Yukon Quest dog team arrives at Dawson City checkpoint without musher

A man named Jason arrives at the Dawson checkpoint on Richie Beattie’s sled after he found the team running alone near Moosehide on Feb. 7. (John Hopkins-Hill/Yukon News)
Rob Cooke and his team arrive in Dawson shortly after Richie Beattie was reunited with his team on Feb. 7 during the 2020 Yukon Quest. Cooke picked up Beattie along the trail and was bringing him to Dawson before a Quest official drove Beattie back to the checkpoint and his team. (John Hopkins-Hill/Yukon News)
Richie Beattie and his wife Emily Rosenblatt embrace after Beattie was reunited with his team at the Dawson checkpoint on Feb. 7 during the 2020 Yukon Quest (John Hopkins-Hill/Yukon News)

When Richie Beattie’s dog team reached the Dawson checkpoint during the 2020 Yukon Quest 1,000 Mile International Sled Dog Race in the early afternoon Friday, the man on the sled was not Beattie.

The man on the sled was a Dawson City resident named Jason who did not want to give his last name to the Yukon News.

He said he had gone cross-country skiing and saw the team running without a musher.

“I just was skiing now to open water near the Moosehide and I was going to take a photo,” said Jason. “I see the dog team coming from a distance around the bend and there was no musher.”

He said he wasn’t sure what to do, but after some quick thinking decided getting the team to town was the best course of action.

“I figure the best (thing) is to come back to town and get someone to get him,” said Jason. “I was on the trail and they kind of stopped and looked at me straight on. They came right towards me because I was at a crossroads there.”

Shortly after Beattie’s team arrived, Beattie himself rode into the checkpoint on the back of a snowmobile. He ran from the machine, stumbling in the snow before he reached his wife who was waiting on the back of the sled.

Just a minute or two after that exchange, Yukoner Rob Cooke and his team reached the checkpoint.

Cooke said he had picked up Beattie from the trail a few miles before the checkpoint.

“There was a guy walking down the trail and he was freaking the dogs out and I was getting ready to shout at him because he wouldn’t move,” said Cooke. “Then he crossed the trail and he turned around and I recognized him.”

Cooke asked Beattie what happened and said Beattie told him he thought he’d fallen asleep.

“He said that he’d been super tired the whole way and there had been a couple of times he’d lost the trail and fallen asleep,” said Cooke. “He said he came to and his dogs were halfway down the trail.”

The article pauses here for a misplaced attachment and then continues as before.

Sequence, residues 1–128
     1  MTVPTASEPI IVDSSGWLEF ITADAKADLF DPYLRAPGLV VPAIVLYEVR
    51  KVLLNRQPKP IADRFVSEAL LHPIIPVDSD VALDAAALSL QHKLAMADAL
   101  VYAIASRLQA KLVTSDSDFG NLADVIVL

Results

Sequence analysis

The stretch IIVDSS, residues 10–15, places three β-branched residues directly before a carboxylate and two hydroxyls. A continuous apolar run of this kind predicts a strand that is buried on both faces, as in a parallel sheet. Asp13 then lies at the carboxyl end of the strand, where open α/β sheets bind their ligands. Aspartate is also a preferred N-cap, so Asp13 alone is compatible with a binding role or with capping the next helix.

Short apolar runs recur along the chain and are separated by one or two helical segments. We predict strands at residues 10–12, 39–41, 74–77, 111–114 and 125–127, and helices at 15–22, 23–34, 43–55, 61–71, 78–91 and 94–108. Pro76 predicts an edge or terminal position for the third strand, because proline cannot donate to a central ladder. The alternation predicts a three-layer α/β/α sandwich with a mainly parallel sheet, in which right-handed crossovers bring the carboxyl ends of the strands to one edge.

Beattie was most concerned about his dogs, Cooke said.

“He was super worried, obviously,” said Cooke. “His dogs had just taken off and in a situation like that, anything can happen. I thought I could see them and it looked like they were still moving OK.”

Cooke said they then came upon some photographers, who relayed that someone had caught the team and was taking them back to Dawson.

“The dogs were fine,” said Cooke. “So that was a relief.”

Beattie then caught a ride on a snowmobile the rest of the way.

Cooke said he himself had issues with staying awake the night before.

“I was really struggling last night coming into Clinton Creek to stay awake, so I understand,” said Cooke. “And he didn’t get much sleep in Clinton Creek, I don’t think, so I can understand where he was coming from.”

Race officials clarified to media that Beattie will not be penalized for the incident. Beattie was not made available for questions after arriving in Dawson.

Per the official Yukon Quest website, Cooke’s arrival time was 3:17 p.m. and Beattie’s was 3:18 p.m.

Contact John Hopkins-Hill at john.hopkinshill@yukon-news.com

Yukon Quest

Get local stories you won't find anywhere else right to your inbox.
Sign up here

Just Posted

Geotechnical work set to get underway at Rossland Museum

Crews will be working at the museum from June 1 to 12

Trail Smoke Eaters owner awaits word on BCHL future

Smoke Eaters owner Rich Murphy is hopeful that the BCHL will return to the ice in the fall

City of Rossland asks motorists to be mindful of four bears roaming around Trail hill

The bears have been seen multiple times along the highway this month

Young farmers find a home through land-matching program

Young Agrarians links would-be farmers with landowners who have land to spare

B.C. legislature coming back June 22 as COVID-19 emergency hits record

Pandemic restrictions now longer than 2017 wildfire emergency

B.C.’s essential grocery, hardware store employees should get pandemic pay: retail group

Only B.C.’s social, health and corrections workers are eligible for top-ups

Edmonton, Vancouver and Toronto vying to be NHL hubs, but there’s a catch

The NHL unveiled a return-to-play plan that would feature 24 teams

B.C. sees 9 new COVID-19 cases, one death as officials watch for new cases amid Phase Two

Number of confirmed active cases is at 244, with 37 people in hospital

Nanaimo senior clocked going 50 km/hr over limit says her SUV shouldn’t be impounded

RCMP say they can’t exercise discretion when it comes to excessive speeding tickets

Illicit-drug deaths up in B.C. and remain highest in Canada: chief coroner

More than 4,700 people have died of overdoses since B.C. declared a public health emergency in early 2016

CMHC sees declines in home prices, sales, starts that will linger to end of 2022

CMHC said average housing prices could fall anywhere from nine to 18 per cent in its forecast

B.C. Paralympian named to Canada’s Sports Hall of Fame

Three-time world and Paralympic gold medalist Sonja Gaudet is part of 11-member class

Restorative pole project underway in Edgewood

The pole was made almost 50 years ago to pay respect to local First Nations

Most Read